Effect of Ethanol on Neural Cells Grown in Culture: Interaction with Plasma Membrane Ecto-5’-Nucleotidase Activity
The effect of ethanol on an enzyme system within an intact functional plasma membrane has been studied using neural cells grown in culture. Rat C6 glioma cells in monolayer culture were treated acutely or chronically with 100 mM ethanol and the effect of this exposure on the activity of ecto-5’-nucleotidase was determined. Acute exposure led to an increase in enzyme activity with maximum stimulation occurring at concentrations of 100 — 400 mM ethanol. Chronic treatment of cells with 100 mM ethanol for 4 — 8 days also caused an increase in ecto-5’-nucleotidase activity. Both the acute and chronic ethanol-induced stimulation of enzyme activity was completely reversible by removing the ethanol; the acute effects reversed immediately, whereas the chronic effects required several hours. The addition of Concanavalin A demonstrated that the effects on enzyme activity of both chronic and acute exposure to ethanol were blocked by modification of the external cell surface. The effect of chronic exposure to 100 mM ethanol was further localized to an action on the plasma membrane by studies which showed chronic exposure to have no effect on the intracellular 5’-nucleotidase activity. Furthermore, the occurrence of pharmacological tolerance to acute ethanol was observed in this plasma membrane system following chronic treatment of C6 cells with 100 mM ethanol. These findings are consistent with the hypothesis that mammalian neural cells can adapt to the chronic presence of ethanol through changes in their plasma membrane.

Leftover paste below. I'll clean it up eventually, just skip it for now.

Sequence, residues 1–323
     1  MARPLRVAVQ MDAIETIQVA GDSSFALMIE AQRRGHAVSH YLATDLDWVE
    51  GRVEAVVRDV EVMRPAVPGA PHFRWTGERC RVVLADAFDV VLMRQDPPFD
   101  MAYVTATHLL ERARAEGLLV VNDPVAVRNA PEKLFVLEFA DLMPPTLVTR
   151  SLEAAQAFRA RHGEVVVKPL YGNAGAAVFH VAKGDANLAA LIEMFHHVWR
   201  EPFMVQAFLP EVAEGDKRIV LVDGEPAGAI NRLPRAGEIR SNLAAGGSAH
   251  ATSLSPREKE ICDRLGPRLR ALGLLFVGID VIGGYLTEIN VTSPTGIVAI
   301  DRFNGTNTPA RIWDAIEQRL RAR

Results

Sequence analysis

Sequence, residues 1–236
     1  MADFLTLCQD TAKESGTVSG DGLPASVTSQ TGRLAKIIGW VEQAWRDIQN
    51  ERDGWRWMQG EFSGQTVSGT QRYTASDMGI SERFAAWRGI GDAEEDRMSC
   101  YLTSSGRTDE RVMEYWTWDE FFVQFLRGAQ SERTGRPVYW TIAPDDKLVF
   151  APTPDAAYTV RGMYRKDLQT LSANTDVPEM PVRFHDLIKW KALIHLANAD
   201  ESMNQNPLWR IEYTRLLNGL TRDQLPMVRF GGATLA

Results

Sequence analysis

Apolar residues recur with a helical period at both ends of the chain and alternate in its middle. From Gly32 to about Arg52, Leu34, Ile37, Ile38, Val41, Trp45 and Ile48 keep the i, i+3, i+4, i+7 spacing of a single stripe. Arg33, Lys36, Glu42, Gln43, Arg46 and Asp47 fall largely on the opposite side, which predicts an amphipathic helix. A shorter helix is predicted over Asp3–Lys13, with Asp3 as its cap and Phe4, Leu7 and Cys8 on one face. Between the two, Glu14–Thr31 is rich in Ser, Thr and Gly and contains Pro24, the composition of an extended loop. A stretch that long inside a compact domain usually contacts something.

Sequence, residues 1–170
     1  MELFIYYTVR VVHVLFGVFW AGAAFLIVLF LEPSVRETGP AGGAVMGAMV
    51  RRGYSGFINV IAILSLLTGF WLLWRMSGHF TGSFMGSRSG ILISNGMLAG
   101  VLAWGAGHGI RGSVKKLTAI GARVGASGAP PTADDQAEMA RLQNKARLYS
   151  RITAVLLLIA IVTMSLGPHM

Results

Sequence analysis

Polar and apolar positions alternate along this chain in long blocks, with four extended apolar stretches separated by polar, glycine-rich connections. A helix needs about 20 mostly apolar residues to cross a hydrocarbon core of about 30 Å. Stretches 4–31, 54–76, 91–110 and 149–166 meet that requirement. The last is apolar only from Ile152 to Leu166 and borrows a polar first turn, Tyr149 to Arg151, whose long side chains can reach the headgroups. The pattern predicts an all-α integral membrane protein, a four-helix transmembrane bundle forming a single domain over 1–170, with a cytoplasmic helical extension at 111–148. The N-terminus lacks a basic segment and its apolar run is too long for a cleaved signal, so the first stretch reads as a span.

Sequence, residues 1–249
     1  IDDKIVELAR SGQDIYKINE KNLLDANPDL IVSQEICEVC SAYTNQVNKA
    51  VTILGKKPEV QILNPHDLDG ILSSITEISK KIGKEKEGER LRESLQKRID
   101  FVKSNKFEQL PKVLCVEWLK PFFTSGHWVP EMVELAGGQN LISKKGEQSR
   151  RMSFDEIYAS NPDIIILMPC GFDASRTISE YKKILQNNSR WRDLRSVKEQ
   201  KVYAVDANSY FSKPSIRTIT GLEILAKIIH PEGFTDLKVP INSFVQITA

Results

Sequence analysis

KeywordsNeural Cell Ethanol Exposure Chronic Ethanol Cell Plasma Membrane Acute Ethanol
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